As usual the run was a success due to the hard work of Katie running Clio (and teaching the new astronomers how to run it), and Jared keeping all the complex software running excellently. This run we also had help from UA graduate student Jhen Lumbres who was a great help running the AO system (giving me a real break). Also Kate came with an undergraduate Clare Leonard. Kate (and Clare) ran the VisAO camera while she was here giving Jared a break. Also TJ and Alycia are expert Clio observers and helped out by running Clio during their whole runs. Ewan Douglas came from MIT and we also had some new observers too from Chile — everyone was great to work with!

And of course a big thanks to the entire LCO staff who keep all of MagAO running well!

Felix (who has helped us put on and off MagAO many of the 20 times we've done it) and the NAS coming off the telescope and going down the elevator.

Felix (who has helped us put on and off MagAO many of the 20 times we’ve done it) and the NAS coming off the telescope and going down the elevator.

I should mention that due to all the snow and rain this winter it is beautiful here –greener than I have ever seen LCO!

Three Guanocos and some donkeys enjoy the lush green spring we are having

Three guanacos and some donkeys enjoy the lush green spring we are having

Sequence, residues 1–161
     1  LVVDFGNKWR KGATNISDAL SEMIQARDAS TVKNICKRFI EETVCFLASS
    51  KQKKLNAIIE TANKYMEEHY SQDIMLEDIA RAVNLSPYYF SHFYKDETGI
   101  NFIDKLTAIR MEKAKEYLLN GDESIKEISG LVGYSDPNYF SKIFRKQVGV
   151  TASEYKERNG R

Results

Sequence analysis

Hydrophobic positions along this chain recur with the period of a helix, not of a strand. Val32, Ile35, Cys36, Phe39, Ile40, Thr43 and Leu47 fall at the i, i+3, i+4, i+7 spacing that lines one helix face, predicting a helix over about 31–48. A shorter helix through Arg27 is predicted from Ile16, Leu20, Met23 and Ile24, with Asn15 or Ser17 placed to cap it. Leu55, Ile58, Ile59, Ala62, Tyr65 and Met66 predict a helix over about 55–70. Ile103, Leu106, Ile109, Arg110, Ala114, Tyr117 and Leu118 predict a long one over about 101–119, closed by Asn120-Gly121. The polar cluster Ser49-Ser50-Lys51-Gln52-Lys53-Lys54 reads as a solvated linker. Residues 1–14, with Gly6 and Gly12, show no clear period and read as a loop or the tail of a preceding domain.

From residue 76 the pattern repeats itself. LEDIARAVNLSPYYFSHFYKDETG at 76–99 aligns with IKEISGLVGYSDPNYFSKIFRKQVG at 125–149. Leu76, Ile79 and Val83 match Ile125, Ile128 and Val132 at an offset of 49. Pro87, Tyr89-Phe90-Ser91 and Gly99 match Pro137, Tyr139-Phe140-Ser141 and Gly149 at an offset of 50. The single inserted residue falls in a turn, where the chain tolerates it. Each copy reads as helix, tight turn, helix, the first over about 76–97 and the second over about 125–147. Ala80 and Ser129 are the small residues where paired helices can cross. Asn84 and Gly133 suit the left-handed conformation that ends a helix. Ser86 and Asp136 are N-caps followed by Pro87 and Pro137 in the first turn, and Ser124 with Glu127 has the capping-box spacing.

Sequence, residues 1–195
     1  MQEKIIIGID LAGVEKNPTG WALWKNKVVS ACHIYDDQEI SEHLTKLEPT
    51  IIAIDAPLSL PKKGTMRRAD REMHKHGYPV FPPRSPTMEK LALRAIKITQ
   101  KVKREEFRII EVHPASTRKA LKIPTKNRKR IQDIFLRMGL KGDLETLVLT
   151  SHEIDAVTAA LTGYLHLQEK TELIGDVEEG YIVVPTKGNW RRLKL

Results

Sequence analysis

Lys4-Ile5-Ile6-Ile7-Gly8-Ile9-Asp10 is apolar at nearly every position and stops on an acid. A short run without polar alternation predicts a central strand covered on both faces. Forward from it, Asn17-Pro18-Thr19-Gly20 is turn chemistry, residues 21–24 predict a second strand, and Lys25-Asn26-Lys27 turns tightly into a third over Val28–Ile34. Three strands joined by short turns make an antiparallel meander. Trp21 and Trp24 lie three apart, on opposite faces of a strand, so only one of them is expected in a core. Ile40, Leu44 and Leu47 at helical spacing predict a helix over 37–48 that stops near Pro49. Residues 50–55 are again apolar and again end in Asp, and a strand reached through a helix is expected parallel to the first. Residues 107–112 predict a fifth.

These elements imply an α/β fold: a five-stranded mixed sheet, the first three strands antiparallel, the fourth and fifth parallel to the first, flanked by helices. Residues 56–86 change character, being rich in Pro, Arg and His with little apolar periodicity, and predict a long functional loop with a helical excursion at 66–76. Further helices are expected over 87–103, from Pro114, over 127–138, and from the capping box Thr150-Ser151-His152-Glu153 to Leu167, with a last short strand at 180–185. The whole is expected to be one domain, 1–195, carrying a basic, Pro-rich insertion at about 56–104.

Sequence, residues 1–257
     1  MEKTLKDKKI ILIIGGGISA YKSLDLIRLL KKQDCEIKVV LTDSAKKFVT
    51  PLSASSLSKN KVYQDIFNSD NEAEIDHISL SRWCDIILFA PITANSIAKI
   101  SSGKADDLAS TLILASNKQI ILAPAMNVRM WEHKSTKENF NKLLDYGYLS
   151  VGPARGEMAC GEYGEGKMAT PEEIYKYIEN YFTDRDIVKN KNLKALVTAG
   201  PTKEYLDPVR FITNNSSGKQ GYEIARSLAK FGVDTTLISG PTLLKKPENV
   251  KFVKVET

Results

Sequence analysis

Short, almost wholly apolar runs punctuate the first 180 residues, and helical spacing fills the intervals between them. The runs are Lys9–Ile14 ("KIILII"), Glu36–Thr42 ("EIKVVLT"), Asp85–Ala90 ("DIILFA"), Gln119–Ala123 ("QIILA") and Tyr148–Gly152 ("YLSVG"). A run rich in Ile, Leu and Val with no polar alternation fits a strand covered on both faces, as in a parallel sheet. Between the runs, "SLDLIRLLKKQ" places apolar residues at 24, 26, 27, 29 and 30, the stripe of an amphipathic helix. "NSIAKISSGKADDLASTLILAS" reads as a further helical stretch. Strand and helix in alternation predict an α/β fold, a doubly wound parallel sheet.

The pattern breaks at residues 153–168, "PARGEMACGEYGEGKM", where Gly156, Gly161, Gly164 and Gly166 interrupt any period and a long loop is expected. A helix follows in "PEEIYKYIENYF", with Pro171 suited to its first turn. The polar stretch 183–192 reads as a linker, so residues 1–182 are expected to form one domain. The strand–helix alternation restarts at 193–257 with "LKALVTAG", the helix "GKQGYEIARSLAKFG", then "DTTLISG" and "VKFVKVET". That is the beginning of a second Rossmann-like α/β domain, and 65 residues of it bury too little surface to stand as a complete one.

Inspired by the lovely green springtime the MagAO team (Jared, Katie and I) headed out for a hike after the instrument was completely packed away. This was, in theory, a hike to see the petroglyphs in the valley carved long ago. But we didn’y really know where to go. And so it was unclear if we actually went down the right valley — but we did find a nice “bell rock” (these “special rocks” that ring like bells) outcropping that had trees (well just two trees but that is a lot here)!

Katie by the first real tree I've seen at LCO. This was near the rocks.

Katie by the first real tree I’ve seen at LCO. This was near the rocks.

And then we looked more closely at the rocks

A petroglyph of something sitting on top of a rock? Looking at the stars?

A petroglyph of something sitting on top of a rock? Looking at the stars?

And we saw a interesting shape carved into the rock. Below is zoom into the carved region.

A zoom into the object sitting at the top of the carving -- a Vizzy?

A zoom into the object sitting at the top of the carving — a Vizzy?

Could this be a petroglyph of the ancient viscacha ?? Only the wise viscachas know for sure…

It is that time, time to go back, back to our “shack” of a lab and dream up new AO systems to build…